NEW YORK, Dec. 2, 2010 /PRNewswire/ -- Former Shell president and Citizens for Affordable Energy chief executive John Hofmeister called for a regulatory body analogous to the U.S. Federal Reserve to establish broad designs for energy policy. He made his comments in a keynote address before the fourth annual The Platts Global Energy Outlook Forum, entitled "Clean Energy: Fact or Fiction?" which was held at the McGraw-Hill headquarters in midtown Manhattan on Wednesday.
"We don't get effective solutions when politics drives energy," said Hofmeister. Hofmeister pointed to past and present energy policy, suggesting that the U.S. has taken a step backward, with the country importing 65 percent of its energy demand today -- in stark contrast to 30 percent in 1973.
Under his proposal, a regulatory body structured like the Federal Reserve, a monetary policy body made up of regional members and a policy-setting panel, could establish the broad designs of energy policy. Such a body could appoint governors to 14-year terms and "set politics on its side, where it belongs."
"Nobody lobbies the Fed. You can't lobby the Fed. Nobody sues the Fed," Hofmeister said, in explaining how his proposed regulatory body could stay above the fray of politics.
Past and present U.S. energy policy has proven to be an "unwinnable and hopeless way forward, Hofmeister told attendees at the all-day forum. "How much hydrocarbons should we be using in 2040? In 2060?" Hofmeister asked. "We have no idea what it could look like," Hofmeister said, adding that long-term energy policy is at the "will o' the wisp" and is held hostage to politics.
The former Shell president also noted that in 1973 the United States imported 30% of its energy demands, whereas today the country's energy imports account for 65% of demand. "Eight presidents (have been) taking us backwards in time," he said. "Energy has been non-strategic, tactical at best.... With politics driving energy, we don't get solutions."
Following are highlights from the day-long panel discussions which touched on numerous and wide-ranging aspects of the country's and world's energy supply:
--Jim Gordon, the founder and CEO of Cape Wind, said his offshore wind farm near Nantucket should be producing its first electrons by the latter half of 2012. Federal and state permitting has been completed, but there remain some legal battles over the controversial project.
--Mark Brownstein, the deputy director of the energy program at the Environmental Defense Fund, said the growing natural gas supplies in the United States have a significant role to play in the nation's energy future, but he warned that it's "turning into a more destructive force…it's hurting a lot of communities" through many of its practices. "I would argue that the gas industry right now has to look at how it acts before it starts pouring money into PR campaigns."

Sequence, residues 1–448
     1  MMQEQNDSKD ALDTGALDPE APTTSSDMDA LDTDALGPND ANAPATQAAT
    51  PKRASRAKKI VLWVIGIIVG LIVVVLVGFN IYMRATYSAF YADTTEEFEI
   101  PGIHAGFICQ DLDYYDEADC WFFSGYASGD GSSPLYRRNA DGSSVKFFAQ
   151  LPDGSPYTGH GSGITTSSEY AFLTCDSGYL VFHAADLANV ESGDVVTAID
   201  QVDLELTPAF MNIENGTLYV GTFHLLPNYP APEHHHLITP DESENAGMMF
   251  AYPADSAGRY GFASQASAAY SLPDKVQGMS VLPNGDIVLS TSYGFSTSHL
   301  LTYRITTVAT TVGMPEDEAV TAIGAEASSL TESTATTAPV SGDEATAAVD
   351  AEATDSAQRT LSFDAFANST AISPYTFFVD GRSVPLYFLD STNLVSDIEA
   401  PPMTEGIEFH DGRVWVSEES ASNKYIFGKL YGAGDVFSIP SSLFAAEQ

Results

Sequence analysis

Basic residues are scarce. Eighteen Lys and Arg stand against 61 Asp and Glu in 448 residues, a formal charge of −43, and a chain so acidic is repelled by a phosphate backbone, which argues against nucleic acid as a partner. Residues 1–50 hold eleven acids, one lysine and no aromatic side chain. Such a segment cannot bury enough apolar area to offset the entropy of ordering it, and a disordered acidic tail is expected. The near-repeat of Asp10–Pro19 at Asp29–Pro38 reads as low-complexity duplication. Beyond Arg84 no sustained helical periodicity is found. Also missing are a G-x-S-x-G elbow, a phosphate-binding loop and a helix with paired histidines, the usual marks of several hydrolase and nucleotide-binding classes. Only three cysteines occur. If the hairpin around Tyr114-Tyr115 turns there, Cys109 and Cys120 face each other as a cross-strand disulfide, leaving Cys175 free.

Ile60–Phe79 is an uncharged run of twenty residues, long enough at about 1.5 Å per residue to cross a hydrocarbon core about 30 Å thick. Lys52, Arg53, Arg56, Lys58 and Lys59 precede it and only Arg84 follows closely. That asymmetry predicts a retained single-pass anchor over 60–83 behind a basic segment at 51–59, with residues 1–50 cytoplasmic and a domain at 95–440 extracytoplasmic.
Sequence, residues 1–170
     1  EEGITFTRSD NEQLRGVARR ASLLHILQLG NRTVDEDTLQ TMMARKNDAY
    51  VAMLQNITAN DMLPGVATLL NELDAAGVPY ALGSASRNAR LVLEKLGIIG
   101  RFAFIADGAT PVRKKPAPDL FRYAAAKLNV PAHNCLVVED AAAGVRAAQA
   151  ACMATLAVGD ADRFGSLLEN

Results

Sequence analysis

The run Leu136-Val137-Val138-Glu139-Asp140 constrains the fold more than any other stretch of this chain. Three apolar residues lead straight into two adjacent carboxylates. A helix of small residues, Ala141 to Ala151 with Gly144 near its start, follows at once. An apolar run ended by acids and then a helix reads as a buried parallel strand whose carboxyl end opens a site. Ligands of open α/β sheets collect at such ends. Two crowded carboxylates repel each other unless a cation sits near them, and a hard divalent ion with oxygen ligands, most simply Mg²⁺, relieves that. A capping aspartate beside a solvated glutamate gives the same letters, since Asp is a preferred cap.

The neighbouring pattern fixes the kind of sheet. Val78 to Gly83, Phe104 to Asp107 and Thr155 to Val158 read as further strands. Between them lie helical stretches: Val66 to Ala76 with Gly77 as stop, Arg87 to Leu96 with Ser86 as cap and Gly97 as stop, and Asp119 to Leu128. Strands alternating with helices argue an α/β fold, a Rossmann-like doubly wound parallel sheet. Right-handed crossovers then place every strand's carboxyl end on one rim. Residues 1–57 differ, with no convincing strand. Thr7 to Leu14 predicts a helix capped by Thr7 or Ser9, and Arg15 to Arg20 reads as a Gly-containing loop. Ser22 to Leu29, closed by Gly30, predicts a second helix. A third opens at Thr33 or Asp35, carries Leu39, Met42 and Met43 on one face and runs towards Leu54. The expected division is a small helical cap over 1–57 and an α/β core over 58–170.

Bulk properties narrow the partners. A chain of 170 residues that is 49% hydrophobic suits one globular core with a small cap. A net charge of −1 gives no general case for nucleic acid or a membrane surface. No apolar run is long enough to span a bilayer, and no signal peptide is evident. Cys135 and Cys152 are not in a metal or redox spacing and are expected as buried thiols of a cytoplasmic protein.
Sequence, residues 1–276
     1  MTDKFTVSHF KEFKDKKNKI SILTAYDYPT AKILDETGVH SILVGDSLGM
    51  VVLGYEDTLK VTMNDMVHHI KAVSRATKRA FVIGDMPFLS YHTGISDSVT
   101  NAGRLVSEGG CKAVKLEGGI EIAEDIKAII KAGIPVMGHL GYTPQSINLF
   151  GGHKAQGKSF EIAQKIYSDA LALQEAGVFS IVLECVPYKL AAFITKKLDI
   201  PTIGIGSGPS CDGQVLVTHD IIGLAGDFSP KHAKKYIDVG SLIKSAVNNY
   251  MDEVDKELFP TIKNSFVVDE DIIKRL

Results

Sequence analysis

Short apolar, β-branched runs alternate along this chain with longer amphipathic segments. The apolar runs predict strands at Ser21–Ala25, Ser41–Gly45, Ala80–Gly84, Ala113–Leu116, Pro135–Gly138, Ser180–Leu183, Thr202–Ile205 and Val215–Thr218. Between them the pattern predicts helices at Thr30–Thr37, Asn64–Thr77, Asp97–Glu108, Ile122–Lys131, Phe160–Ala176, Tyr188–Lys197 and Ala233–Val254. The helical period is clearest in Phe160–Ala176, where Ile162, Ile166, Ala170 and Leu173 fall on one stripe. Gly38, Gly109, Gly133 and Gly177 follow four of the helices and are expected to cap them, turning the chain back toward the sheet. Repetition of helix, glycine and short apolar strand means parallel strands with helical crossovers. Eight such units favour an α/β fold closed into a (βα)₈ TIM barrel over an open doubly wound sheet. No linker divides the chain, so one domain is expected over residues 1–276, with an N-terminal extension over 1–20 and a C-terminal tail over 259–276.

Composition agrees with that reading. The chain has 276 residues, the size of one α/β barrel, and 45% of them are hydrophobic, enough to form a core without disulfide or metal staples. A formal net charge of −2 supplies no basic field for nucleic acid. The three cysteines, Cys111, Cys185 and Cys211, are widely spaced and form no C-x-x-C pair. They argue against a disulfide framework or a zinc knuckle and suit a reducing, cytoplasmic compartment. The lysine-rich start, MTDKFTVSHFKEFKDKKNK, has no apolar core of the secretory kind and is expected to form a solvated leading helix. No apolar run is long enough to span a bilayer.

--Max Sandlin, a partner at lobbying firm Mercury, told the forum he was a "muscle car guy," but conceded that there may be a significant role for electric vehicles. Their strong reviews "scare me," Sandlin said. "I don't like it, but I think I have to listen to it."
--Inaction in the U.S. on climate change may eventually isolate the nation from other global powers such as Europe, China and India which seem to be more aggressively embarking on curbing anticipated climate change, according to several panelists. "I do see the world pulling in a different direction" from the U.S., said Malcolm Keay, a senior research fellow at the Oxford Institute. "Meanwhile the U.S. will be sitting on the sidelines. I think Europe will go ahead with climate measures, (and) stick with its (carbon emission reducing) targets." That isolation or distancing will, in turn, introduce new tensions between the U.S. and other countries, Keay cautioned.
The day's third and final panel discussion focused on energy outlook and at how the United States election has shifted global energy policies. Participants included panel moderator Bill Loveless of Platts, a leading global energy information provider; Malcolm Keay, an Oxford Institute fellow; Ajay Shankar a Woodrow Wilson Center scholar, and Phil Sharp, president of Resources for the Future. Discussion ranged from climate change initiatives to the "competitive chaos" that marks the American political system – to the sometimes-mistaken belief that natural gas opportunities would be on the decline.
Capgemini was principal sponsor of the Forum and was joined by co-sponsors Landis+Gyr, Oracle, Fortune and SolArc.
For more information about the Platts Global Energy Outlook Form, visit this website link: http://www.platts.com/ConferenceDetail/2010/globalenergy/index. The Forum is held in conjunction with the 12th annual Platts Global Energy Awards which take place tonight at the Cipriani Wall Street and which recognize exemplary leadership and innovation in 17 performance categories.
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